Not everyone is lucky enough to have a large space in which to garden and grow food. But even living in high-density housing in big cities, it is possible to take small steps towards a more sustainable life. With a balcony, or even just a windowsill garden, it is possible to grow a range of herbs, leafy salads and fruits. Copper rain chains can help small-space gardeners to really make the most of all the resources at their disposal. They can be used to guide the rainwater that falls on a roof into the containers used to grow food and to create a permaculture garden on a small scale.
Permaculture is a design system that gives us a practical blueprint for a more sustainable way of life. It teaches us how we can work with nature and renewable resources to live in a way that is good for us and our neighbours and good for the planet. By growing even a little of our own food, we can reduce our impact on the planet. The more food we are able to grow or gather locally, the lower our individual carbon footprints will be.
The great news is that you can create a small-space garden for far less money and with far less effort than you may imagine. Plants need sunlight and water to grow and both of these are free resources when you use the water and light that are naturally available. Harvesting rainwater with a copper rain chain allows you to water your plants for free. Using a rain chain, you can channel the water collected into a growing container or into a barrel to store it for later use. To further reduce the cost of creating a small space garden, think about using recycled containers – containers that held food are perfect for growing some more. You can also use reclaimed materials such as old sinks or bath tubs, troughs or wooden pallets to create growing spaces. You can also lower the cost by creating your own growing medium – you can make a compost at home using vegetable scraps from your kitchen. By using everything you make sure that there is no waste.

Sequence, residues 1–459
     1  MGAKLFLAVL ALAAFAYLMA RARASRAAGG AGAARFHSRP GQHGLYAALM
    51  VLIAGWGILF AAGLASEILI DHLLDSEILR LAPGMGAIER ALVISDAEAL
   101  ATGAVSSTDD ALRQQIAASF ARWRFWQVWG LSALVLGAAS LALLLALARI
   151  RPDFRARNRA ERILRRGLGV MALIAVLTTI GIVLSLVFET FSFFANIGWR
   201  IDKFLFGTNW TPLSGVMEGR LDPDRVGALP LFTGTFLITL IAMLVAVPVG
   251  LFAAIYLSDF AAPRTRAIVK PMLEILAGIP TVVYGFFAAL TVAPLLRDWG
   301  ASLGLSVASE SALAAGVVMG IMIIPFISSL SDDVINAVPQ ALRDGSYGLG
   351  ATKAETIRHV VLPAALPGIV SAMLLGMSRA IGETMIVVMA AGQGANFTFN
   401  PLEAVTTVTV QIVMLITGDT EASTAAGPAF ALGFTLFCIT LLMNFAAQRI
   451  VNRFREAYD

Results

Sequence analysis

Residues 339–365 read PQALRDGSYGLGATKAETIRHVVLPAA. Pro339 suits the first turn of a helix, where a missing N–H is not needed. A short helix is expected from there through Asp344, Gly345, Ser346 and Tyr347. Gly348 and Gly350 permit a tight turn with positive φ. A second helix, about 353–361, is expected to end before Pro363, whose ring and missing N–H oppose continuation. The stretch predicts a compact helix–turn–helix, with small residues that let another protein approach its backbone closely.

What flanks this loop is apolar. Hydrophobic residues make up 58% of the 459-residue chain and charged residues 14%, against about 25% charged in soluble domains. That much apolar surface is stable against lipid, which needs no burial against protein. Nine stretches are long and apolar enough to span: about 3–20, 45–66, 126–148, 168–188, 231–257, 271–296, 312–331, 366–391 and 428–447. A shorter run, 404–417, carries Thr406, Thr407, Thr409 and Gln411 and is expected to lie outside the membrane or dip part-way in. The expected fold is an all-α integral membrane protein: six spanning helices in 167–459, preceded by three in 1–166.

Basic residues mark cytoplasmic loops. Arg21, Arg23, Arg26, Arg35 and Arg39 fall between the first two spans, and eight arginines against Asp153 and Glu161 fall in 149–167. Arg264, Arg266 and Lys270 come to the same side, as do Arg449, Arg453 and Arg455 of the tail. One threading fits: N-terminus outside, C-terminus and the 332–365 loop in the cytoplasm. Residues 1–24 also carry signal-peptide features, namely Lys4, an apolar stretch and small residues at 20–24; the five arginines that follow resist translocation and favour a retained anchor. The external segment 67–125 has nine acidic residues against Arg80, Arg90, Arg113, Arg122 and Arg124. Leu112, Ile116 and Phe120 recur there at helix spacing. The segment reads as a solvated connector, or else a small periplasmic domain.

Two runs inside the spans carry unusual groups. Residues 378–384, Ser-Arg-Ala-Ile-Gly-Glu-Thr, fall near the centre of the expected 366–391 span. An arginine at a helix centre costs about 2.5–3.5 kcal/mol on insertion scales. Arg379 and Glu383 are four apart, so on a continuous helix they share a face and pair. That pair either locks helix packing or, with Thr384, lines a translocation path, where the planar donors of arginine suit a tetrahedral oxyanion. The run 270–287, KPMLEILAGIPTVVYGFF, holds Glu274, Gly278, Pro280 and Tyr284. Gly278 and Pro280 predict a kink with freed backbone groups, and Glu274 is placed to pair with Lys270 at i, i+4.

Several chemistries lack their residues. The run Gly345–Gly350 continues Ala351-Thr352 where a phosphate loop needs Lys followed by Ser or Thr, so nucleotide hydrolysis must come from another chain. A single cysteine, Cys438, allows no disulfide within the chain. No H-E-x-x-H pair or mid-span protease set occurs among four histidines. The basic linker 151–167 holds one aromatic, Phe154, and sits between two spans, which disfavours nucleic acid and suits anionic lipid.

Making use of all resources is important and one of the resources is space. In a small-space such as a window box, balcony, door step or tiny yard, making the most of every inch is even more important. A rain chain can help with the design of a sustainable small-garden system. There are a number of different options, from vertical gardens to hydroponic systems to simple container gardens. Think carefully about how you can make the most of your space – thinking about vertical space as well as the horizontal.
Once you have your copper rain chains in place, leading to your containers filled with a fertile growing medium, it is time to choose your seeds. You may be able to get seeds from a friend or neighbour – even if not, seeds are relatively inexpensive. Choose cut and come again salads, radishes, and herbs to begin with. Soon your garden will begin to grow.
Guest post by Elizabeth Waddington
Elizabeth Waddington lives with her husband and her dog on a sustainable smallholding in Scotland. She is a green living consultant and freelance writer with a particular interest in permaculture and organic growing.